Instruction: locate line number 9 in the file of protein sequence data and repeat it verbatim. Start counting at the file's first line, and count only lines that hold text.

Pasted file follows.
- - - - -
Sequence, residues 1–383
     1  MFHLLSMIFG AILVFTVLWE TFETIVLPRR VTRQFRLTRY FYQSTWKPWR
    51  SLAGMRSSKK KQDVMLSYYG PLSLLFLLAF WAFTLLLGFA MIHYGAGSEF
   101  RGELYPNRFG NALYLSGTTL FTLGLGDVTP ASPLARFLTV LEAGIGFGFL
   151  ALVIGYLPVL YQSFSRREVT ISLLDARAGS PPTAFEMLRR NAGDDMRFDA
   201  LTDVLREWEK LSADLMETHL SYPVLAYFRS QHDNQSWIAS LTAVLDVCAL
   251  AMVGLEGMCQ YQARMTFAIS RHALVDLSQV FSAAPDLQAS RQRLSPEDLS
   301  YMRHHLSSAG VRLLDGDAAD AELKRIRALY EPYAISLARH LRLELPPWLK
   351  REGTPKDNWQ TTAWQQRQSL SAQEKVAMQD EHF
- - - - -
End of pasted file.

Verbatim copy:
   351  REGTPKDNWQ TTAWQQRQSL SAQEKVAMQD EHF